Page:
Dear Retailer who sells very nice gift items in Lexington Green. When I snap a photo of something, I’m not here to scam you.
I’m not the front for a big Chinese manufacturer who is about to knock off your stuff and put you out of business. I’m not planning out an elaborate “Mission Impossible”-style robbery.
My wife and I are multi-tasking. I need to send her a picture of something I like and see if she wants to swing by and look at it. I’ve spent hundreds of dollars in your store and you don’t need to break the delicate positive brand image I have of you with some petty “We don’t allow pictures in the store” rule. I explained what I was doing, nicely, but it didn’t matter.
It’s amazing that I’m even in the store – with as much as I buy online. Since it’s an artsy-store, I flip the tag over on the item I’m photographing. … yep, URL. I surf to the address, yep. photos. Get a clue. This small, unique retail shop is one example, but not a unique one, and it’s about to collide with new technologies for comparison shopping we discussed at SMX Local Mobile in Denver last week.
If this were a one-time situation, I’d blow it off. But it happens to others, who blog about it too. I’m pretty fast with my camera, just hold it up and snap a quick picture, so I’m not making a scene or asking people to move, etc. I guess I could get better at it. I’m also not there photographing every thing on the shelf. I’m the best type of interested customer.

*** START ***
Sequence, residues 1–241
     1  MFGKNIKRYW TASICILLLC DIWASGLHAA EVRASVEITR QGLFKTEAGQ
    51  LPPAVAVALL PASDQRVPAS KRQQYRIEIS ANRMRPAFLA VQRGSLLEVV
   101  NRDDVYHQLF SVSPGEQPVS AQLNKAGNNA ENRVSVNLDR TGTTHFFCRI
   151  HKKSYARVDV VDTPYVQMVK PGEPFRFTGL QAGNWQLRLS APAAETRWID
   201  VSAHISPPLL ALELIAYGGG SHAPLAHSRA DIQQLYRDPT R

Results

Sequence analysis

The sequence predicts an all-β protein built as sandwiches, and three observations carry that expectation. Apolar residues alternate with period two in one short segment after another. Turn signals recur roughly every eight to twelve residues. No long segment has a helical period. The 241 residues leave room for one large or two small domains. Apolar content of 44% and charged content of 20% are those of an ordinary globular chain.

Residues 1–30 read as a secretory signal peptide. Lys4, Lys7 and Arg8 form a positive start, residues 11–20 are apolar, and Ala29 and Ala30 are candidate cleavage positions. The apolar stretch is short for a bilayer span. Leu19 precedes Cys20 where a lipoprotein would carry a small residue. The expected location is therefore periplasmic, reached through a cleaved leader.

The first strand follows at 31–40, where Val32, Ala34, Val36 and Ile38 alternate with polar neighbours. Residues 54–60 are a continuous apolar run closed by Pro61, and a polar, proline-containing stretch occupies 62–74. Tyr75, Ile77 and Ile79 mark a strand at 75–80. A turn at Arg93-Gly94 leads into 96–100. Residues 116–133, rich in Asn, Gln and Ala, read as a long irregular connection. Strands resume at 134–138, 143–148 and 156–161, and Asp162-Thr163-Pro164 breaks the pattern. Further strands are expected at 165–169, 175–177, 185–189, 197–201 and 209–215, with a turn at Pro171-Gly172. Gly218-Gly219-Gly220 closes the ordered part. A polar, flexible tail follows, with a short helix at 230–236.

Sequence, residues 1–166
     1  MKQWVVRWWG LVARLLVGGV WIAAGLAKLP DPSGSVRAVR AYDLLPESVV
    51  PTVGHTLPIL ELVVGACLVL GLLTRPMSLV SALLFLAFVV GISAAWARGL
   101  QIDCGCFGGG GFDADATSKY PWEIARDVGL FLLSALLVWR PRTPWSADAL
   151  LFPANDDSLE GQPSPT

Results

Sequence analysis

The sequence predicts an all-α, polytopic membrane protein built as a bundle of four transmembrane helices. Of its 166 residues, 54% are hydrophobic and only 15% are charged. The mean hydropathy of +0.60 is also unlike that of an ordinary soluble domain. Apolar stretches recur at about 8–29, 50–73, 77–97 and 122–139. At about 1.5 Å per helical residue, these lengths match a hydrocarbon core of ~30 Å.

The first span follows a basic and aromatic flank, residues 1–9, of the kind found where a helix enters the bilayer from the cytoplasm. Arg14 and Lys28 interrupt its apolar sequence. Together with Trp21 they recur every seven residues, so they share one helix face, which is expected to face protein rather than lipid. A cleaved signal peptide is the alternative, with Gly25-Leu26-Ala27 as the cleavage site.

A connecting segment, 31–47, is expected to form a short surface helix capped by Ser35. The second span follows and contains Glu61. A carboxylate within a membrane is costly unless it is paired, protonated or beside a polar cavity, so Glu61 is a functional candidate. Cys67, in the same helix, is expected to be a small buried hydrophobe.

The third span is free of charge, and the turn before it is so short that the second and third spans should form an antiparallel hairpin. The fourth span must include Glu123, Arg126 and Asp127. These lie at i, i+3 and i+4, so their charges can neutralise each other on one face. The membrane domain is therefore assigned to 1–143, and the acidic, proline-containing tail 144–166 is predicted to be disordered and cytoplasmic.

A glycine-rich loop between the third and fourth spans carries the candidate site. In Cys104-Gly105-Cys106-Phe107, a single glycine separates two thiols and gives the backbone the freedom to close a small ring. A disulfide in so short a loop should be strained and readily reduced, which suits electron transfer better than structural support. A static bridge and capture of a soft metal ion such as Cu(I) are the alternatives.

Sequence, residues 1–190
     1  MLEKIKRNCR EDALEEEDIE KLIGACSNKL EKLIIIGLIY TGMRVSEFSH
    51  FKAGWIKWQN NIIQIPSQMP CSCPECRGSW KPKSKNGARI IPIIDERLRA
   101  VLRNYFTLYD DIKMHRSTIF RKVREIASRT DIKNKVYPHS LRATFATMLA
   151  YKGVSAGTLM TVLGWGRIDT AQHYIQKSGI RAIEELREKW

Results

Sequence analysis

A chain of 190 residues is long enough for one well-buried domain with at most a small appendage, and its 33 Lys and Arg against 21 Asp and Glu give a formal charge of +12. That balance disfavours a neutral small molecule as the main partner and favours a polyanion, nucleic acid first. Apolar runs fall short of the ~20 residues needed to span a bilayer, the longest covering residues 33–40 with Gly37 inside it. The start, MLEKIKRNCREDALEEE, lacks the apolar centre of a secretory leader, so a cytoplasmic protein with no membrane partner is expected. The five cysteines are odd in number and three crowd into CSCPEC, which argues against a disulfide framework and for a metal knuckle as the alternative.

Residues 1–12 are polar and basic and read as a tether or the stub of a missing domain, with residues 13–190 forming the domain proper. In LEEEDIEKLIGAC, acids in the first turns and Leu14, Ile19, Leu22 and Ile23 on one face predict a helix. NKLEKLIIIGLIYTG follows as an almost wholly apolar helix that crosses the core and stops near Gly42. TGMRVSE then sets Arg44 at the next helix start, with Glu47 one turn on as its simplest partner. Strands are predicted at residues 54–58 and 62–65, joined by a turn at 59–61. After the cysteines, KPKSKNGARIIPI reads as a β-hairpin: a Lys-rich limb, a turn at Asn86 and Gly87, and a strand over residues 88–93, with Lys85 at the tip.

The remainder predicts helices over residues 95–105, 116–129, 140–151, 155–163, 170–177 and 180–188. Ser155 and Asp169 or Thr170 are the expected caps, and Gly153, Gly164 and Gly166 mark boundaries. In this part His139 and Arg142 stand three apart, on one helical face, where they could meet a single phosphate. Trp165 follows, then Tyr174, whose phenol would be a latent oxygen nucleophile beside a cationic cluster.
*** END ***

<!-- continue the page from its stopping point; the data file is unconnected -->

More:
The irony of the Stop & Shop approach is that the people who you don’t want taking pictures–snoopy journalists or competitors–can easily conceal their cameras and you’ll never know. But the raving fans, the bloggers, the folks twisted enough to want to take and flickrize their supermarket experiences are your friends.
Get ready for some cool new stuff. But will retailers allow it?
The idea is that the consumer can simply take a picture of the bar code on the product, and the phone would automatically identify the product via an integrated java program, and search the internet for related blog posts, news reviews, comparisons, etc. and report them back to the consumer in real-time to read up on the product and make sure its really the right one. Consumers can see what other people who have bought the same product really thought about it, and what problems may have occurred. Think about doing an instant price check on the product to see if it might be cheaper somewhere else, or maybe cheaper to purchase online. This could prove to be a valuable asset to price, and safety conscious people. – Justin Montgomery … Chairman & CEO of MoVa Media Co
In larger markets, such as those you find in big-box retailers, bookshops, etc., you’re going to be seeing people scanning barcodes soon. New types of barcodes on products are beginning to emerge to make it easier. The iPhone, and it’s inevitable competition, will be doing amazing stuff.